Having Poems by Heart
By Maxine Kumin on 3.30.09
I grew up in an era when in grade school we were urged to memorize Longfellow, Whittier, James Russell Lowell, even Poe, and the habit stayed with me for life. I can still call back about 30 lines of “The Vision of Sir Launfal” and can hear “the tintinabulation of the bells” whenever I want to. As I grew up I did this secretly, taking loved poems in by a sort of osmosis, absorbing the rhymed ones, which were easy to learn by heart as each rhymed word served as a prompt for its fellow.
Photo by Scream Phenix (Oliv.) on Flickr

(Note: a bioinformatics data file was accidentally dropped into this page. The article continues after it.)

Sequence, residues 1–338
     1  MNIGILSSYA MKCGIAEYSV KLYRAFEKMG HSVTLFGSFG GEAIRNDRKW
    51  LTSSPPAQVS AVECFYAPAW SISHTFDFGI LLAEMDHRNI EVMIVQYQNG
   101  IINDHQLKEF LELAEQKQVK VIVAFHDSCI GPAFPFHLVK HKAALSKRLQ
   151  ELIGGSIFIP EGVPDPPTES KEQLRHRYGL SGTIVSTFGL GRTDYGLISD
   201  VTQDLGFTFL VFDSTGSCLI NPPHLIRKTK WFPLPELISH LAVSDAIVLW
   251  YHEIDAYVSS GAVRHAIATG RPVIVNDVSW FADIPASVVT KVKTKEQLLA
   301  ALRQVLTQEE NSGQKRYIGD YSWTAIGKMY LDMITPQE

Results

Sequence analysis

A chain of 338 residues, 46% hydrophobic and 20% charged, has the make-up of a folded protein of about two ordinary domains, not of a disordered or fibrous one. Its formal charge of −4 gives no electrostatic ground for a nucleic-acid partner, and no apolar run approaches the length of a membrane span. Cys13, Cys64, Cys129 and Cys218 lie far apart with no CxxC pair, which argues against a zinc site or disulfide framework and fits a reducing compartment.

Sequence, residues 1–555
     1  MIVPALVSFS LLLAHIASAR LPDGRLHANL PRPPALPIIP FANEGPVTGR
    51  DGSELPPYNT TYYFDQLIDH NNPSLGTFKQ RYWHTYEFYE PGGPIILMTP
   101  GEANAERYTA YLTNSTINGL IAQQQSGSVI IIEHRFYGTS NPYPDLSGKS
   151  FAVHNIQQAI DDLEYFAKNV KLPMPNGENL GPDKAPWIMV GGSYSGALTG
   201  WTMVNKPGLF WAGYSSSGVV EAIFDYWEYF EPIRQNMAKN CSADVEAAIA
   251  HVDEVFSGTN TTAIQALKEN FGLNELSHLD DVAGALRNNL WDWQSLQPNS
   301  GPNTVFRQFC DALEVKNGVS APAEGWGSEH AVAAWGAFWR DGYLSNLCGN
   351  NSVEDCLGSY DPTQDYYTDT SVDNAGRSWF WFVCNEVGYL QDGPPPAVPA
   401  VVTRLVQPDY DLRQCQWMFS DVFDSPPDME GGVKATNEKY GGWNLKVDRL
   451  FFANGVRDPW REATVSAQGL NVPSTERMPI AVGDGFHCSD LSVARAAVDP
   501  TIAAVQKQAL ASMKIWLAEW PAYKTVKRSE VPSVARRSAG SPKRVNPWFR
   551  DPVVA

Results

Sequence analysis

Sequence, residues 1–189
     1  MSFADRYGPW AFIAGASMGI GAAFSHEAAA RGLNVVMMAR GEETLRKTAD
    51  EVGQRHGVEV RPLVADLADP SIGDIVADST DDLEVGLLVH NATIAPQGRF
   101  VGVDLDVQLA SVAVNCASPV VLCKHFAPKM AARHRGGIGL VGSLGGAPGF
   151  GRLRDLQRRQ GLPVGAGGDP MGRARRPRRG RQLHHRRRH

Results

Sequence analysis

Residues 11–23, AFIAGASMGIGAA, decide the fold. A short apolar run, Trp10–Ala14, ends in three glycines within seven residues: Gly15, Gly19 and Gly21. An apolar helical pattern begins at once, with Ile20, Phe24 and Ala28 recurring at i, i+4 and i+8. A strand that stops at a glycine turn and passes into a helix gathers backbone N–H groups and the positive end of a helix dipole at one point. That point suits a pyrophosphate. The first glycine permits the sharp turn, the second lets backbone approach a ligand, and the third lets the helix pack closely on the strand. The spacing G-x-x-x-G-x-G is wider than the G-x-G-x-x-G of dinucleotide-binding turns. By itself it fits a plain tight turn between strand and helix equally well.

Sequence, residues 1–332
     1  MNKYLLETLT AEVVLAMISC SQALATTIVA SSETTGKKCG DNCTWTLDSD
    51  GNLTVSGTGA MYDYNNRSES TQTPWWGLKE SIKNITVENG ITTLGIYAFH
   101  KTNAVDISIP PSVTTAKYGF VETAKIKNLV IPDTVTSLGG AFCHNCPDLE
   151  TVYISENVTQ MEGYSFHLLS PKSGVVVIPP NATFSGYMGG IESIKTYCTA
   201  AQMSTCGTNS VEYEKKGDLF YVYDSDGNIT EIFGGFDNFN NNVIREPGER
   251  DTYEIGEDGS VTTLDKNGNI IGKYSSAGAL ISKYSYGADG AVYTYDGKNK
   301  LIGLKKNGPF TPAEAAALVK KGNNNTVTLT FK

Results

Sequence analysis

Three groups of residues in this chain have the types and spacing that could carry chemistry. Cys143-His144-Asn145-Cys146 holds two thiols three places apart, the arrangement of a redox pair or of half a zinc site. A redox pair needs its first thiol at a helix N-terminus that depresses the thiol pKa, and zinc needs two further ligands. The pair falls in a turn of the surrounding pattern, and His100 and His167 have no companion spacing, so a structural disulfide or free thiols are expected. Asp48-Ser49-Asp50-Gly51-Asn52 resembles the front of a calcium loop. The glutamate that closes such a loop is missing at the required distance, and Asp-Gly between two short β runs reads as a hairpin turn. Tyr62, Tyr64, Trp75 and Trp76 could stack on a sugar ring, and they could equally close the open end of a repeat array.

A moody adolescent, I learned by heart several Millay love sonnets and a large patch of Housman’s mortality-obsessed “A Shropshire Lad.” Those were the years when I thought “What Lips My Lips Have Kissed” was the sexiest poem in the English language, and “With Rue My Heart is Laden” the saddest. Ever since, I’ve inflicted this practice on students, requiring them to memorize a poem a week and be prepared to recite it in class. Saying poems aloud is an integral part of the process of understanding, even falling in love with the poem. When they groan I tell them that by the end of the semester they will have solid poems in their memory bank to draw on in isolation when they are taken political prisoner. (Most of them look at me blankly; they cannot think of a single belief for which they would be willing to go to jail.) Still, I like to think that several stanzas of Auden’s “September 1, 1939” and Yeats’ “Lake Isle of Innisfree” are floating around in the heads of a few dozen ex-students and may just possibly migrate from there into other, younger ones.